The music used in Teenagers from Outer Space is not original but it is effective and it is no wonder it was also used successfully in The Killer Shrews (1959) and later in Night of the Living Dead (1968). Graeff is uncredited for music co-ordination. He must have picked the moments. Graeff, in fact, gets the credit for almost everything in this movie. He directs, writes, produces, is the cinematographer, the editor and acts. It’s probably not surprising that the film is so distinctive – whatever that distinction may be. It is definitely a work of art.
That Graeff sold the film to Warner Bros. for a pittance without seeing any return whatsoever is a cruel twist. His ensuing nervous breakdown is not surprising.
Thor meanwhile is carrying a bullet wound from confronting police, and Derek and Betty meet him at a doctor’s surgery where Derek learns he is the Supreme Leader’s son. Thor probably gives the weakest performance in the movie – he’s still effective – and he passes out to allow Derek and Betty to escape.
The ray gun used by Thor in the movie was criticised for being a cheap dime store toy at the time, but unknown today, it passes muster and looks like the real thing.
What Derek and Betty learn also from Thor is that the aliens most definitely want to destroy the Earth. There’s a lot more drama that I’m not reporting here, including a car chase and an ensuing wreck, a killing in Bronson Cavern by “some kind of man-eating monster” but as Joe the reporter says: “I’m afraid the nightmare has just begun.”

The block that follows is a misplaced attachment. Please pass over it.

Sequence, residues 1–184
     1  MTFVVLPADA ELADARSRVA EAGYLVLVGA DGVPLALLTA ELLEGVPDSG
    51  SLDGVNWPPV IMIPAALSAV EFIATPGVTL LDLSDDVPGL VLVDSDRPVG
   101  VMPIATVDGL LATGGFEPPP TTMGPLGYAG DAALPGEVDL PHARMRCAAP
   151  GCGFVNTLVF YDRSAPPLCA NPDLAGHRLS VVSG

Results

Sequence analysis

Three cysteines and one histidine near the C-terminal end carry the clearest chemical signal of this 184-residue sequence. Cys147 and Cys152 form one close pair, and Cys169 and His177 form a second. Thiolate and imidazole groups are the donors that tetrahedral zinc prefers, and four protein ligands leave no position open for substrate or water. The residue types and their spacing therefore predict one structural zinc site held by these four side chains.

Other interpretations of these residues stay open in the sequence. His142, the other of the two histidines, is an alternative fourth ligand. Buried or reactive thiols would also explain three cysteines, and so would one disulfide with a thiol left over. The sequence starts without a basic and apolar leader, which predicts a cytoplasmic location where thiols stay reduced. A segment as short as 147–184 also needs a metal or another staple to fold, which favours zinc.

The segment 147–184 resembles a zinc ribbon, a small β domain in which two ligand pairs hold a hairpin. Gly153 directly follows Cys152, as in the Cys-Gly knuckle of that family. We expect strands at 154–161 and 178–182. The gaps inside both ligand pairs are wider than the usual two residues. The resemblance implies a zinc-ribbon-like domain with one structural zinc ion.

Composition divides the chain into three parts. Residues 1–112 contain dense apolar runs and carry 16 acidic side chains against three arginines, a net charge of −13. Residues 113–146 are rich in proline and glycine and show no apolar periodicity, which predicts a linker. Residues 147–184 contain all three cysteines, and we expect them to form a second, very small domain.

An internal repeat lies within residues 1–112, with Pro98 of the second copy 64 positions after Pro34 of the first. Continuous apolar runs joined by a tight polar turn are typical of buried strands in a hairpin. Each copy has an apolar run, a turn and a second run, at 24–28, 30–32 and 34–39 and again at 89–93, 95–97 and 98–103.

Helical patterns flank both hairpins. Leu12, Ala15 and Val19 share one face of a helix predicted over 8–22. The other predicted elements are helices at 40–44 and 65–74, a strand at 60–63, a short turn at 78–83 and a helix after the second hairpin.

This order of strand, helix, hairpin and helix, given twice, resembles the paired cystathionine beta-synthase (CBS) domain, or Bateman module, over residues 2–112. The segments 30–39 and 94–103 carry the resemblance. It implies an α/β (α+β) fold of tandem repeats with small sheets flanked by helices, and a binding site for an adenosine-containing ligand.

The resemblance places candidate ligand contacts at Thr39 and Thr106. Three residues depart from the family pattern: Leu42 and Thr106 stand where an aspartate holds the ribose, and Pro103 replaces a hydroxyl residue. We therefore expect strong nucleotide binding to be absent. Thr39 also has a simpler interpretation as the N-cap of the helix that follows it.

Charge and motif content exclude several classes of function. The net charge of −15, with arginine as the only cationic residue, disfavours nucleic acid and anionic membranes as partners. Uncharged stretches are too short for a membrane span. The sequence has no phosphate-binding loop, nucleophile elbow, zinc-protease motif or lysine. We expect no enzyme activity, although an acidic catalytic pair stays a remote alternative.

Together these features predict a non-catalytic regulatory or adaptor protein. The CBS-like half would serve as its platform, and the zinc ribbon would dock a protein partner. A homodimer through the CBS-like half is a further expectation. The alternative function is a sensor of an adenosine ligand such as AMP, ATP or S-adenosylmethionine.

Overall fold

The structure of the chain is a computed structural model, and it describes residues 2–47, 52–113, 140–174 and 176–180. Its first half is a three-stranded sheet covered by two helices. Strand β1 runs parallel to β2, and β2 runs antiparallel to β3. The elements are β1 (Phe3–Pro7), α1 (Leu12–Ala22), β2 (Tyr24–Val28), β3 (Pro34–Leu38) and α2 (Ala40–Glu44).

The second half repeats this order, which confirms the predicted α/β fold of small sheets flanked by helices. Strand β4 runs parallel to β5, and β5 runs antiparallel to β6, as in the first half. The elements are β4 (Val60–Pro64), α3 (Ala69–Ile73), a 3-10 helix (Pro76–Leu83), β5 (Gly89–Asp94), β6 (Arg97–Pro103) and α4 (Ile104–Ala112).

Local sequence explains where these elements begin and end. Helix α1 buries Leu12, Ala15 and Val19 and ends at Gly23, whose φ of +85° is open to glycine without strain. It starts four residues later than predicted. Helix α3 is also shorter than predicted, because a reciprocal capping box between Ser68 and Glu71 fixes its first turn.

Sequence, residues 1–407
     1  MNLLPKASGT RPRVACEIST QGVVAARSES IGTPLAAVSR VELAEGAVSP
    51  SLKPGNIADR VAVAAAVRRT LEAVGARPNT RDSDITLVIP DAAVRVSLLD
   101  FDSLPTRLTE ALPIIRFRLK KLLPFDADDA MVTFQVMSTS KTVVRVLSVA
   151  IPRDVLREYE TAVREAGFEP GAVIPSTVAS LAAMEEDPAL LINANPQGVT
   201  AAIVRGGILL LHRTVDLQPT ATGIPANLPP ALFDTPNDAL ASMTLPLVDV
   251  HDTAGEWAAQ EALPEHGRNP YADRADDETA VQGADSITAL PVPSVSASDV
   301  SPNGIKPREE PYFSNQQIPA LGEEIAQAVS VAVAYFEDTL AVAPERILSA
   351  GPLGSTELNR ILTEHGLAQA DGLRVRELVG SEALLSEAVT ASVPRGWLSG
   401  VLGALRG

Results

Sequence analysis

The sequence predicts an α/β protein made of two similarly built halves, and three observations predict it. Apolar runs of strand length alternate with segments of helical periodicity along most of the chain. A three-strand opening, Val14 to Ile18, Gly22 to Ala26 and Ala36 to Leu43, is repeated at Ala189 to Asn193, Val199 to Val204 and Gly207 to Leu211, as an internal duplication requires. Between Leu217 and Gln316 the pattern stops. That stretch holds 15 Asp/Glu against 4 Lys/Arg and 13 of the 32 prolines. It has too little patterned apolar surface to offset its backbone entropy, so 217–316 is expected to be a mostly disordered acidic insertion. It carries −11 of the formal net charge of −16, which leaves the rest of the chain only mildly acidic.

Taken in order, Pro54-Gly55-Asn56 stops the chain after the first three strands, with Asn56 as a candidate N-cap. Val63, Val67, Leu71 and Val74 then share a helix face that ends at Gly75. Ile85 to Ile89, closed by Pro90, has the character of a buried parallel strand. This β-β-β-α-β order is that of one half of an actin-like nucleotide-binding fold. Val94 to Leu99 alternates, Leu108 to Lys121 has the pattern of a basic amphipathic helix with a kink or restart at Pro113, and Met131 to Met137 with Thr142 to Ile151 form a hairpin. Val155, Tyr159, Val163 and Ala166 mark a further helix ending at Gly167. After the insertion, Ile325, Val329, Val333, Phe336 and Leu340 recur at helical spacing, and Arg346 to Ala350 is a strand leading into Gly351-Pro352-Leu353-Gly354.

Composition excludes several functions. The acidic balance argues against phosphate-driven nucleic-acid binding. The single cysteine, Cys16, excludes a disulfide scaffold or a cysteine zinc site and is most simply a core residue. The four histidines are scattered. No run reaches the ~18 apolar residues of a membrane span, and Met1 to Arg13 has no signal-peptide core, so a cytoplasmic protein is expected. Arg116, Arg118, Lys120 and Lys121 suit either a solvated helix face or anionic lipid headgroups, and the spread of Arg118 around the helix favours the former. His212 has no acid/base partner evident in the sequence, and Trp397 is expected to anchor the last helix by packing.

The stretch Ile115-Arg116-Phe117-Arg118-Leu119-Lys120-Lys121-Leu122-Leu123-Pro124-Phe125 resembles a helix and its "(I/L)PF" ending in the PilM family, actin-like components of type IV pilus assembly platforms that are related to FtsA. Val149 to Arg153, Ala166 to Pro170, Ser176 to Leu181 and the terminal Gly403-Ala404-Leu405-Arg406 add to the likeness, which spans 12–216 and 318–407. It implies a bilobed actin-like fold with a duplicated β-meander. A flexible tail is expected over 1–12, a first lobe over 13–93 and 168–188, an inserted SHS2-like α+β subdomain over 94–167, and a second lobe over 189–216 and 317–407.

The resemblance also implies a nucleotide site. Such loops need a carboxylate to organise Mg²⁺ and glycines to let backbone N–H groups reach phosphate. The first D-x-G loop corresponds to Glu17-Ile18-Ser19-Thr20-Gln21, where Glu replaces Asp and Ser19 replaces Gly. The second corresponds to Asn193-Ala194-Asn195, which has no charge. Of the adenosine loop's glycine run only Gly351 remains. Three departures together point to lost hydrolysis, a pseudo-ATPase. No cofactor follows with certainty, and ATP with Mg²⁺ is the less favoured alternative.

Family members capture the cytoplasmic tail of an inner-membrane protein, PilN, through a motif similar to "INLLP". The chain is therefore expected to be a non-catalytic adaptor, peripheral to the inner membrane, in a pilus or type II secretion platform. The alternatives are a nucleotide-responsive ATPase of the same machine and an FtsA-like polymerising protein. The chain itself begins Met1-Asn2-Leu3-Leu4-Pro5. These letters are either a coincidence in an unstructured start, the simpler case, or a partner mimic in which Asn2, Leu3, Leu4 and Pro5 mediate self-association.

The Gargon is that man-eating monster and once the size of a lobster, it is now a gigantic lobster, shown as a shadow among the cheap special effects. That’s the budget folks! It threatens the town/city and it is up to Derek and Betty to save the day. Lying in the grass together, Betty asks: “ You’re not from this world are you?”
The characters want to kiss but they are too gentle at first. Derek says: “I shall make the Earth my home and I shall never, never leave it.” And they kiss. But the Gargon interrupts… the Earth faces more terror, as the pair must fix a broken ray gun to destroy it! There is a beautiful close-up of Betty at this point… that melts into a drunken keeper at a watchtower reporting “some kind of monster” which is lurking in the hills due north east of town.
Realising electricity will power the ray gun and destroy the Gargon, Derek and Betty head for the hills and using powerlines with the help of no red tape from the power company – the Gargon is destroyed.
“Betty this is not time to be joking,” says Grandpa to Betty after seeing Derek destroy the Gargon with his electrified ray gun. He obviously doesn’t believe Betty’s tale that Derek is really an alien. Silly old man!
There’s more drama before the film climaxes with the Supreme Leader perishing in a multi-spaceship crash with a great many other aliens after Derek leads them to land at a lower altitude than they first thought. Derek perishes along with them too… but he may have sowed the seeds of revolution on his planet while at the same time saving the Earth. In a way he also kept his promise to Betty that he would never leave as after the catastrophic explosion, his ghost can be heard saying: “I shall make the Earth my home and I shall never, never leave it.”
Yes, it’s all so very corny in the end with the stock footage explosion, and it’s all so very low budget as Betty and Gramps and Joe walk away… but it has a great vibe!